Until recently (i.e., today) I simply wrote my articles straight into the WordPress interface because it does everything you need it to do and it works well.
Until it doesn’t.
I spent half an hour this afternoon laying out a new article, adding images, adding tags, categories and all that stuff, on top of a half an hour or so last night getting the content in to start with. I pressed Publish and WordPress gave me a screen that said ‘Do you really want to do this?’ and then ate my work.
To say I was a shade upset is an understatement. So I went searching for blogging software for Mac and found a bunch of programs – most of which seem to be on the App Store. So this article will give a very brief overview of various Blogging Tools for Mac OS X.
Blogo is the tool that this article is written with. I’m giving it a trial at the moment since it costs $29.99 on the Mac App Store – although a free trial is available from their website. It has all the standard features (and I’m only looking at these from a WordPress perspective, so I can’t say if they support other platforms well or not). I connected it to ReviewMacSoftware and initially it failed to find the site – but that’s because I run the site under /wordpress/ directory. Once I told it where to find the site it connected just fine.
Once connected it supports live preview of your post or page (and it supports building posts or pages). You can edit existing posts or pages through the application and you can work offline and post your article when you next go online.
Synchronization with Evernote is supported, although there doesn’t appear to be any basic cloud support such as iCloud, iDrive, Google Drive or DropBox support which seems like an oversight.
It’s a nice little application but does have some issues with Featured Image not actually working (at least in my tests) and Categories and Tags not being set up correctly. But so far it hasn’t eaten any of my articles so that’s a massive plus.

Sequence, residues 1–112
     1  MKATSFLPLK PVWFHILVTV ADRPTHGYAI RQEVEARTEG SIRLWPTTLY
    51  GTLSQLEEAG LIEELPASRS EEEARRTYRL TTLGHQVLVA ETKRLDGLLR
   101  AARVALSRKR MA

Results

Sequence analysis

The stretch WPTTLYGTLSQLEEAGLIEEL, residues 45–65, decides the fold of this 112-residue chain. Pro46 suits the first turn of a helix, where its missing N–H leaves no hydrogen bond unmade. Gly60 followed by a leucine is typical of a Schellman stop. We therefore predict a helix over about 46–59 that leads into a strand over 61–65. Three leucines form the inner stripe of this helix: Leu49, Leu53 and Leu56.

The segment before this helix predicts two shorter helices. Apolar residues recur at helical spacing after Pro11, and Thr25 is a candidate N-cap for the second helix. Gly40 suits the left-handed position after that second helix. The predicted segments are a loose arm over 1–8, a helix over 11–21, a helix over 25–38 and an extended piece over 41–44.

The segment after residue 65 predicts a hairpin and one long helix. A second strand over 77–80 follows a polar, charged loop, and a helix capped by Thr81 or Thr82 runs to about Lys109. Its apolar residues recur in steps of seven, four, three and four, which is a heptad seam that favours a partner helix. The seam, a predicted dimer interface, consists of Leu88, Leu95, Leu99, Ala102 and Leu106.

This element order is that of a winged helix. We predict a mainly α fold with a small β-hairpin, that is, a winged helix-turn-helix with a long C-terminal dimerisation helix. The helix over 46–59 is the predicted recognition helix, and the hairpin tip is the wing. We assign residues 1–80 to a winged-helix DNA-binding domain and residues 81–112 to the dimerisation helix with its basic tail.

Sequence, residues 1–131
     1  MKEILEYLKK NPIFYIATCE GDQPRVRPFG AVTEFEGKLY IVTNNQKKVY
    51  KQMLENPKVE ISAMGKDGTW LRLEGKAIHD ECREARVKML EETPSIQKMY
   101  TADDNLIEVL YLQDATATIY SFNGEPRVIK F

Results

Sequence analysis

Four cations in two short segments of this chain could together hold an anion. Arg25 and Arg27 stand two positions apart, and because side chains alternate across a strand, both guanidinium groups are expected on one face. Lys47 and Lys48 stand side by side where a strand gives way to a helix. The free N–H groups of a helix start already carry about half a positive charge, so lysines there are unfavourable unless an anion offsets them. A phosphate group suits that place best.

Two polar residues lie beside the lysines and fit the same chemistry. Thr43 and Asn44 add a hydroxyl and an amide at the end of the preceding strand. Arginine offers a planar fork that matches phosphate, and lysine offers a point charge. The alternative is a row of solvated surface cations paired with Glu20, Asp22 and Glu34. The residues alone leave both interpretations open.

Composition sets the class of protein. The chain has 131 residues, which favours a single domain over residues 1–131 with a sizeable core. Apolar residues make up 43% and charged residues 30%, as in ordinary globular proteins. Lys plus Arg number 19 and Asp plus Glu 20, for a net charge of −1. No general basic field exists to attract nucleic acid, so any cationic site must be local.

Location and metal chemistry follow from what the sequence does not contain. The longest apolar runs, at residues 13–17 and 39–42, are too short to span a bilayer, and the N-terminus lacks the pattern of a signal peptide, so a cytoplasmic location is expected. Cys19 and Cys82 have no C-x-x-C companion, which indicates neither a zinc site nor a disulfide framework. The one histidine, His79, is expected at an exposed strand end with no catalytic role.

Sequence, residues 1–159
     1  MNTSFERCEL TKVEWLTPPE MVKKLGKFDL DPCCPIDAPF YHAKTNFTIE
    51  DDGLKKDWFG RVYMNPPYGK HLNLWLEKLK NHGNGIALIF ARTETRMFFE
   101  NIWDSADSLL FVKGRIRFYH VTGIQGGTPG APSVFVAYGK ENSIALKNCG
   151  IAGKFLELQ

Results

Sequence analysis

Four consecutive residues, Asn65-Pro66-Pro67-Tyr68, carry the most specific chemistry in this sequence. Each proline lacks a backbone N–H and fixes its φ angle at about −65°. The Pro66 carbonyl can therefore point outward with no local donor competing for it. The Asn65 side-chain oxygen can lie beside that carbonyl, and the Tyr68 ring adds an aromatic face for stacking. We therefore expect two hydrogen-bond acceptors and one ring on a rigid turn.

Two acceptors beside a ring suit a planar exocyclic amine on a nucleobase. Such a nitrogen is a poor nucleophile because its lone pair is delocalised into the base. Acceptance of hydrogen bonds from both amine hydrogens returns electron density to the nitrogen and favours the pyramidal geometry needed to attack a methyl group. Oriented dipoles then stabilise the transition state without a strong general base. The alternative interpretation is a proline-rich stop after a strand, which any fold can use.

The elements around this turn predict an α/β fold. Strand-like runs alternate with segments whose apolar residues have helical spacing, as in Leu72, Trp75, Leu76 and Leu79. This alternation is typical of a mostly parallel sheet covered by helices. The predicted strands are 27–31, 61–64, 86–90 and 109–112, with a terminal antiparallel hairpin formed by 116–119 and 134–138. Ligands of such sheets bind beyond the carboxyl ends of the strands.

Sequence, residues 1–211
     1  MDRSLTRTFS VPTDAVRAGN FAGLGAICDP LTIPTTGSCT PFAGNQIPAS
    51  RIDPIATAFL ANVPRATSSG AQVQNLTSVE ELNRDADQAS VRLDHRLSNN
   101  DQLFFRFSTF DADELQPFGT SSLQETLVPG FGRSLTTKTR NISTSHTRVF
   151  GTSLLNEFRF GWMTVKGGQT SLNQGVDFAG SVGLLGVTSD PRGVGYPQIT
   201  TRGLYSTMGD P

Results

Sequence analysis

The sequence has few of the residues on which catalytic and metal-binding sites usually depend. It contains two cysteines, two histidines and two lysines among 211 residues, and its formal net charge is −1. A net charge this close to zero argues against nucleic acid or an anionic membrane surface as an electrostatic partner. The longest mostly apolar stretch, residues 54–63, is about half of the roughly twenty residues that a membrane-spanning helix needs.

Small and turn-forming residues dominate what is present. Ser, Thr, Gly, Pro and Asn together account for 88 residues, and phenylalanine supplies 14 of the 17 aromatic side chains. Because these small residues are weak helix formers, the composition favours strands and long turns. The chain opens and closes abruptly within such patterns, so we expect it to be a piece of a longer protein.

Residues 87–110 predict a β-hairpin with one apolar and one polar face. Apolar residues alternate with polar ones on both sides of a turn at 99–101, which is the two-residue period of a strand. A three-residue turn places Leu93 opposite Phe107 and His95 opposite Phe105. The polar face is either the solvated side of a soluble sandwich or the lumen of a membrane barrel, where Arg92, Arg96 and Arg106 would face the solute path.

MarsEdit 3 connects to various blogging platforms and supports local storage as well as cloud based through Dropbox or Google Drive. I found MarsEdit quite (actually, very) frustrating to set up – whereas Desk and Blogo figure most of your WordPress setup out automatically once you tell them you’re using WordPress, MarsEdit still needed everything specified manually – including the blog ID. I suspect this is something that most average bloggers wouldn’t know much about – particularly the ‘blog ID’ which really only applies to multisite installations.
Incidentally though, it does presumably mean that MarsEdit would work nicely with WPMS – I’m not sure if the other two would work as well.
MarsEdit has a much more traditional looking user interface – Blogo and Desk being quite artistic whereas MarsEdit is very Mac like. But, like Blogo you can edit existing articles (Pages or Posts) as well as creating new ones.
One aspect that MarsEdit does very well is the inlining of images within your articles. Blogo just adds placeholders rather than the actual images – whereas MarsEdit puts the actual images into the edit pane.
Overall, not as pretty as Desk or Blogo, not as easy to setup but is more comprehensive in the long run.
Desk concentrates on writing and tries to keep everything else out of the way. It has two modes for writing, WYSIWYG or Markdown Mode and also connects to your WordPress site. Unfortunately there doesn’t appear to be a trial version available, but the author has published a video on his website at desk.pm which goes through the various features – and is sadly all I can go on for this quick review.
One feature that the author’s website shows is the ‘transparent’ mode which I think would be extremely useful for many of the reviews I write at ReviewMacSoftware since it would enable me to see things through the editor.
Similarly to Blogo, Desk shows a word count, character count and reading time information so you can plan your articles accordingly and unlike Blogo, Desk does appear to support iCloud Drive for storing your drafts – although it doesn’t support Evernote as yet. Dragging and dropping of images is also supported.
This is just 3 of the Blogging Platform editors we’ve found for the Mac. There are a few others, although many of them looked quite abandoned now and others didn’t offer any kind of WYSIWYG interface. They’re all fairly similar and all serve the same purpose in different ways and that’s to make you more productive on your blog than you would be through the standard Website Interface offered by your blogging platform.
Out of the three, our favourite has to be Blogo – it looks slick, works well but does have some tweaks that hopefully a future version will put right.